Internet of Me (IoM)

Jayesh Shah, EVP & Head - Technology Initiatives, DHFL- Financial Services Group

DHFL (BSE: 511072), headquartered in Mumbai, is a housing finance company that provides home loan products, insurance services and fixed deposit schemes. The company provides housing finance to the lower and middle income groups in India.

Ahink of this as a possible scenario. When you get back home from work and your car approaches your apartment, the door unlocks, the lights turn on and the air conditioner switches on. Another scenario; the fitness device you are wearing switches on the lighting and the coffee machine when you wake up. After fitness devices and smart watches, smart clothing is on its way. These ‘wearables’ are changing the way we consume the internet. Your biometric data is controlling the things around you. You get the picture? Welcome to the ‘Internet of Me (IoM)’.

Whether strapped to your wrist or embedded in your clothes, applications are monitoring body systems through sensors and businesses are tapping into the fact that our world is becoming more personalised and are building new applications, products & services that create a new level of digital experiences in our lives. According to ABI Research, the wearables market can be segmented into seven sections – wearable cameras, smart clothing, smart glasses, health care, sport & activity trackers, 3D motion trackers and smartphone compatible watches.

The IoM is not just about wearables. It is about smart homes & offices with connected TVs, refrigerators & microwave ovens; it is about connected cars & other objects; this involves billions of objects equipped with sensors, producing continuous streams of data. However, wearable fitness devices are expected to be the most adopted according to a survey of 2000 North Americans conducted by Acquity Group.

The age of hyper personalization is dawning upon us and the internet for an individual is becoming as unique as his or her fingerprint. It is all about creating the ultimate customer experiences, very personalised and engaging. Targeted marketing based on individual journey maps is the logical next step, given the fact that each one of us leaves a huge digital footprint on the web as we surf the net for hours in a single day. A vast majority of consumers said that a personalised experience influenced their purchasing decisions. Think of the wow factor in getting an offer on the spot as you stood watching an item of interest in a shop window. Unknown to you, it could be a grid of beacons at work.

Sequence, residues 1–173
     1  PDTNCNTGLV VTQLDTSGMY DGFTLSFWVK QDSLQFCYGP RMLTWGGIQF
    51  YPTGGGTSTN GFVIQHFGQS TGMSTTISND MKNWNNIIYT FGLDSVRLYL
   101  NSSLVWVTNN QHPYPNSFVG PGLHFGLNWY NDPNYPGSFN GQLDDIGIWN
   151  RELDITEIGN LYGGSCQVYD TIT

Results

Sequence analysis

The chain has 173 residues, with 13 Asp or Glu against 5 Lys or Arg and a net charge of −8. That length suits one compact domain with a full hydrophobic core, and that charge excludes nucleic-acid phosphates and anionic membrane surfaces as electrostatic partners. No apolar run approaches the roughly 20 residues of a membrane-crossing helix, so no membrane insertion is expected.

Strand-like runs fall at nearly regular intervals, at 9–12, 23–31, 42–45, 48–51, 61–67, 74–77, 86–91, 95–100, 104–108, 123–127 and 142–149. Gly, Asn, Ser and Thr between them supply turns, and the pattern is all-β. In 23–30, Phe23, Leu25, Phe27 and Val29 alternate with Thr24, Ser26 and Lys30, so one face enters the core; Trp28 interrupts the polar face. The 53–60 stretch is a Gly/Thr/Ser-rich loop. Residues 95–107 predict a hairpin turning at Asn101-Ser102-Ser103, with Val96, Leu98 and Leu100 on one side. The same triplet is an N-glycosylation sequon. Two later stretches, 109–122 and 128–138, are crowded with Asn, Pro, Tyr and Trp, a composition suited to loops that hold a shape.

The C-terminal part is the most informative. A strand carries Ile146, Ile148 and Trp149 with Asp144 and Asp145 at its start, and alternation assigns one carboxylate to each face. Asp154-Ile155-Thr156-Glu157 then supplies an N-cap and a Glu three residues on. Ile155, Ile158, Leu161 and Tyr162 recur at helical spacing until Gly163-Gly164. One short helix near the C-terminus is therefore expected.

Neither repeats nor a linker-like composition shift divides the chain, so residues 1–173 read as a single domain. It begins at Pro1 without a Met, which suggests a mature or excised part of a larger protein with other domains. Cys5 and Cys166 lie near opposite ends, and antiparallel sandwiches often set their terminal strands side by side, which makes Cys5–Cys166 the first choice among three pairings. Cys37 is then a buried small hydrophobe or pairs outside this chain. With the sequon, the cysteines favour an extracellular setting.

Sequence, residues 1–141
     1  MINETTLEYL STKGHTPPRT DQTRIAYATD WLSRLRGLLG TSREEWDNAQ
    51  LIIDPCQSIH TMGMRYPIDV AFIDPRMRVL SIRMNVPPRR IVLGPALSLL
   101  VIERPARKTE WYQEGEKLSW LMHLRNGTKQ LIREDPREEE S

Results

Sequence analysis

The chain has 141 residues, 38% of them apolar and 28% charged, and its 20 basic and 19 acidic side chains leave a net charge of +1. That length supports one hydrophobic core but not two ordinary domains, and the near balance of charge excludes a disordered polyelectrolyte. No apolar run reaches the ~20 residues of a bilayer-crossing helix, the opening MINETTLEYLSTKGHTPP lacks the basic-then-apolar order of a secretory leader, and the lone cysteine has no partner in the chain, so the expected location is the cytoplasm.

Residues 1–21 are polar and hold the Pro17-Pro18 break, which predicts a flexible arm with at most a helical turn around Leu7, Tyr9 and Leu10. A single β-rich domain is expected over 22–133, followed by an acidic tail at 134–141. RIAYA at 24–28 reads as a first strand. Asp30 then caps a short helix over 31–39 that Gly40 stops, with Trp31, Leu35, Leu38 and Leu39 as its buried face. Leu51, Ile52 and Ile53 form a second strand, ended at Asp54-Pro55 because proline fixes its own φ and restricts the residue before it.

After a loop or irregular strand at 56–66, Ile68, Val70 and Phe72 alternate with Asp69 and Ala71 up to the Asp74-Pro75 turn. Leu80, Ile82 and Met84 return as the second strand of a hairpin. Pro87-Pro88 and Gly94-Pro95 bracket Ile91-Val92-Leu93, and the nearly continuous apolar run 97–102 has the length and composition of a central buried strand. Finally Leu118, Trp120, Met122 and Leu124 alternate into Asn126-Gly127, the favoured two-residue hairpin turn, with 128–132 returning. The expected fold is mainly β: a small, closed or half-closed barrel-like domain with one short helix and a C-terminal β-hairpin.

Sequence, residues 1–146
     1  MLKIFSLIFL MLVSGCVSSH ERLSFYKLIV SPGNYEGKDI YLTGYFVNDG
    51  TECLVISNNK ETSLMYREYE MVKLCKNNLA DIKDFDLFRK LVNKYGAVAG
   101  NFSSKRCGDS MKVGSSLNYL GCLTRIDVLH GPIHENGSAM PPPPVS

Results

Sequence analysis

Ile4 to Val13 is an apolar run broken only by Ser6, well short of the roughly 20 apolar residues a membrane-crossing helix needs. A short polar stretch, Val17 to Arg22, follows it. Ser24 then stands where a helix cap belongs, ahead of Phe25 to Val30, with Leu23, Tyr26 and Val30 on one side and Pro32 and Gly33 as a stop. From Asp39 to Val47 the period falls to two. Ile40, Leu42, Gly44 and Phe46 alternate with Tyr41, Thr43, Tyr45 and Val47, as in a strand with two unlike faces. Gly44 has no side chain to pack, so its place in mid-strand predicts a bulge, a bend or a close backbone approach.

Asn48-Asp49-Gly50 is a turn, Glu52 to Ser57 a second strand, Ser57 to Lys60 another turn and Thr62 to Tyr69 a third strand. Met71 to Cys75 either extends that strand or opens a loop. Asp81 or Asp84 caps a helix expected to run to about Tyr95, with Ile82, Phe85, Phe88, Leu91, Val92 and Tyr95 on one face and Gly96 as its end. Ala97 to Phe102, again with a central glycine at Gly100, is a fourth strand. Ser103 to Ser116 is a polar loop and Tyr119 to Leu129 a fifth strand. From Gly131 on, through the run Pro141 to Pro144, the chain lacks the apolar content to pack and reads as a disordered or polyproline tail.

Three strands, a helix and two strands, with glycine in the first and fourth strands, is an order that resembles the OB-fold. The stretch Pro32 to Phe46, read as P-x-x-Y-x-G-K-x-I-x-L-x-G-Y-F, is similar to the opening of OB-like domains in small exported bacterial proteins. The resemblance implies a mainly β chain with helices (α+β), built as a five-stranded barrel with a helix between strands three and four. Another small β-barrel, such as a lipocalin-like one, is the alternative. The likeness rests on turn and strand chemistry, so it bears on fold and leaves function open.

The relevance of data cannot be emphasized enough in the realm of the IoM and IoT. A continuous stream of heterogeneous data is going to hit data centres resulting in volumes that are mind boggling. However, this raw data has no value unless harnessed. With the right set of tools, powerful insights can be obtained from it. Complex algorithms are being developed to allow corporate to predict purchasing behaviours using data insights. Enter cognitive analytics and machine learning that would make the IoT smarter by learning from historical data using systems that reason and interact more naturally with humans.

So what are the challenges with IoM? Battery life is a challenge with wearables and continues to be so. Connectivity is also crucial and for that the Bluetooth Low Energy (BLE) protocol, also known as Bluetooth Smart, is typically used since it is low on power consumption and cost.

Another far greater challenge, since the ‘Internet of Me’ places great emphasis on the customer experience is the question - how is the data being used? The big issue being protecting consumer's privacy as more sensitive personal information is being sent and received by a growing number of devices. Not only are hackers interested in this data, but so is the government. The major worry for consumers in fully adopting IoT is privacy and security. The threats are in the form of Identification, tracking and profiling. Designers & developers should focus on protecting user data and consumers should have the option of opting out. There have to be legal frameworks to protect privacy. Companies that collect data should be only allowed to use it for enhancing their products and barred from sharing it or storing it forever.

As we move towards an environment where connected devices far outnumber human beings, IoT and IoM are here to stay. According to Next Market Insights, over 373 million smart watches will be shipped by the year 2020. According to Juniper Research, revenues from smart wearable devices which include Fitness, Glasses, Watches, Multimedia, Clothing, Jewellery, Healthcare and Enterprise, will reach $500+ billion in sales by 2019.

IoT and IoM are just acronyms for many, but so was ‘www’ not that long ago. How it changed the world is for everyone to see; these new acronyms will be as transformative, if not more.